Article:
Good leadership not only can reduce the negative impact of a crisis, it also can make an organization stronger. For example, during the business slow-down after 9/11, the leadership team of our company resisted the kneejerk response to lay people off. Instead, everyone earning above a certain threshold took salary cuts. We convened a special meeting where we invited the entire staff to brainstorm measures the company could take to maximize income and cut costs. Not only did the company make it through the crisis, it thrived. When business started picking up again, we were still fully staffed. This gave us a business advantage, since we didn’t have to spend time hiring and training new people when the economy recovered.

There is no better time to lead at a higher level. Remember, our job as leaders is to serve, not to be served. Let’s start by serving our people and responding to their concerns, because they are our number one customer. Together, we’ll get through this.

Changing Your Focus Will Change Your Energy

Last week Margie and I spent a few days down in the Bahamas. During a conversation with the general manager of the hotel, we learned their buildings had sustained quite a lot of damage as a result of Hurricane Irma in 2017. His story of how the staff and management worked together to get things back to normal and how they helped each other get through that tough time was inspiring.

Right now they are in another tough situation—they have learned the hotel may be sold but they know nothing about the buyers or whether their jobs will still be there. Once more they’re all facing the unknown together. Margie suggested to the manager that I could hold a session for them all the next day and the manager enthusiastically agreed.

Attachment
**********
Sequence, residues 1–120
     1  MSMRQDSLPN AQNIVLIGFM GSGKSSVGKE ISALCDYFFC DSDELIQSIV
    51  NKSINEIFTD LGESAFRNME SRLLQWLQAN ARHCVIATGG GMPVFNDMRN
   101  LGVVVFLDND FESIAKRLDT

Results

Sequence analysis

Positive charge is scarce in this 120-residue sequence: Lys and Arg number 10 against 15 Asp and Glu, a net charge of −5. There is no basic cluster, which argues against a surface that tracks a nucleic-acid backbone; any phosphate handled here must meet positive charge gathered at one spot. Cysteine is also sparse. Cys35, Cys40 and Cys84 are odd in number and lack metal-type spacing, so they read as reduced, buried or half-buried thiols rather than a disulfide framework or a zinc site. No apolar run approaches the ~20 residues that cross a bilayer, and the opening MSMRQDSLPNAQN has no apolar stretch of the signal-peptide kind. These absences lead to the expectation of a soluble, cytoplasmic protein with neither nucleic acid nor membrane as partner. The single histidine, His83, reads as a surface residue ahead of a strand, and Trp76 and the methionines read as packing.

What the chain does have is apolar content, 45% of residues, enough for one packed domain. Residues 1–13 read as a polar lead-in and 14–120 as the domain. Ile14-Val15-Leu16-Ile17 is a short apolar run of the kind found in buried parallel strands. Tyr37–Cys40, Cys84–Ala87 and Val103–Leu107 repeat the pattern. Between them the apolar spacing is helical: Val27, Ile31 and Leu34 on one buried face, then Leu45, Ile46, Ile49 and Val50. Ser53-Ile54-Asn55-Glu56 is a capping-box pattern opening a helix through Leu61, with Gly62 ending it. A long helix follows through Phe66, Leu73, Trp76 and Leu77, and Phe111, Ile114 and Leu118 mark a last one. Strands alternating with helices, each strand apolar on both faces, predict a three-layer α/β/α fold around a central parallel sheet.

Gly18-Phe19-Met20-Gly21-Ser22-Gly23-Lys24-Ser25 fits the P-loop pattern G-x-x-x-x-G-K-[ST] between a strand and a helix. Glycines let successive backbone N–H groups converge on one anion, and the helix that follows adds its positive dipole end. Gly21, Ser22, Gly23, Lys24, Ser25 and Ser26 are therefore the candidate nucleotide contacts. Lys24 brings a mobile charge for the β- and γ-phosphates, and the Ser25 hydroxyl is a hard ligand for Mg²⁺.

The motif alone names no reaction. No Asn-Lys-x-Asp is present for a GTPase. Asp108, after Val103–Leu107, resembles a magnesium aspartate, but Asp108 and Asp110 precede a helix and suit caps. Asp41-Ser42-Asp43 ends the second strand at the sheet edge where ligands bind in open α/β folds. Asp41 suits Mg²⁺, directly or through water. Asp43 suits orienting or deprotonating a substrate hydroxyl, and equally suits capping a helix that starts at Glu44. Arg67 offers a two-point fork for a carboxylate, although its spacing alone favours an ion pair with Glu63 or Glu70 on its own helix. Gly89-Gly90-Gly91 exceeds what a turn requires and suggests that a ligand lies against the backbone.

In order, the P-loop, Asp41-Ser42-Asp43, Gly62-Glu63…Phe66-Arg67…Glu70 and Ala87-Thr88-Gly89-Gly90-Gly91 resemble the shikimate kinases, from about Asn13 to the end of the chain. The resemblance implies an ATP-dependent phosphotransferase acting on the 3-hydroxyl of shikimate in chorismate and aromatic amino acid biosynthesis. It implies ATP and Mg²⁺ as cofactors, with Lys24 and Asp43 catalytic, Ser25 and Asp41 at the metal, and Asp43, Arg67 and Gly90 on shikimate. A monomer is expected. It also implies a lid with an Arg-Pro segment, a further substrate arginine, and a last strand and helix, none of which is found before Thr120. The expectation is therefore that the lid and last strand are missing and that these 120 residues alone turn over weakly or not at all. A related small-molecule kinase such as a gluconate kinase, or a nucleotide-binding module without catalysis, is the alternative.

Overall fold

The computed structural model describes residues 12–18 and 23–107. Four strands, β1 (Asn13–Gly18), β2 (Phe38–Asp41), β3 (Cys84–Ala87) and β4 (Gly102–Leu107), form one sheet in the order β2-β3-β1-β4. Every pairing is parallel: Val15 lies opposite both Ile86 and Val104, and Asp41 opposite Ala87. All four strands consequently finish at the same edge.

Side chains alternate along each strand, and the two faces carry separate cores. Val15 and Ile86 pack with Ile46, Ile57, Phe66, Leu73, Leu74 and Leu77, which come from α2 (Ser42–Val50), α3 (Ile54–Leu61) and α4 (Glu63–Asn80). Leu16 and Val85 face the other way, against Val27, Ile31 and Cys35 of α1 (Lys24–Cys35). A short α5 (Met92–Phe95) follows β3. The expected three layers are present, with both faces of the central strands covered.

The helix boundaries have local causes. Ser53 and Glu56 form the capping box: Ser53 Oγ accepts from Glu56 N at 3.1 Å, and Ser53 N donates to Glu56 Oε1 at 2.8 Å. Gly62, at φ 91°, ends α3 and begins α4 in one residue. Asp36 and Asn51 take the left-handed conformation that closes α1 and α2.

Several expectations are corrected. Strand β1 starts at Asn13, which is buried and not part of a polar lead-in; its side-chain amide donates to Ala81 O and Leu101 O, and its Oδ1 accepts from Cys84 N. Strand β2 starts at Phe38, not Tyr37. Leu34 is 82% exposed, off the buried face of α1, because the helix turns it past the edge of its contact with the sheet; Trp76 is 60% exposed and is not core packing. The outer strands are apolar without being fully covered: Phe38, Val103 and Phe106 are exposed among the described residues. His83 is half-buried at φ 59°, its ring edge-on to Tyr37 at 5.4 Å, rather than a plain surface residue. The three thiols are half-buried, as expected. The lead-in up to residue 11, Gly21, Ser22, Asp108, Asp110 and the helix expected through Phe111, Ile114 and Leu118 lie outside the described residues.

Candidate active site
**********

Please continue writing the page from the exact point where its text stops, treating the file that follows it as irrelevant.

When I was getting myself ready to speak to the hotel staff, I thought about how it might be uplifting for them to have an outsider—someone who isn’t emotionally involved—come in and give them a little boost with some humor and encouragement. So, I started off with an exercise I learned from Tony Robbins that our trainers sometimes use as an ice breaker.

I had everyone in the room stand up. I said, “I want you to walk around and greet as many people as possible as if you were looking for somebody much more important to talk to.” I gave them all a minute or two. The sound in the room was a low rumble of mostly quiet voices. Then I got their attention and said, “Now I want you to go around and greet as many people as possible as if they were a long-term friend that you were excited to see.” The energy level in the room suddenly shot up and the sound was deafening! The mood had instantly shifted from somber to exuberant.

The point is this: when the thing we are focusing on changes, our energy changes. We can sit around and worry about a bad situation that might (or might not) get worse—or we can focus on what we can accomplish when we work together toward the same goal. I pointed out to this group that they had already proven they could accomplish anything, and that they can do it again. They know their strengths and they can encourage each other, empower each other, and lead each other through tough times. My message lifted their spirits.

By changing your focus from negative to positive, you can do the same. When have you changed your focus and allowed your energy to help you through a tough time? I’d love to read your response in the comments below.

Have a great week!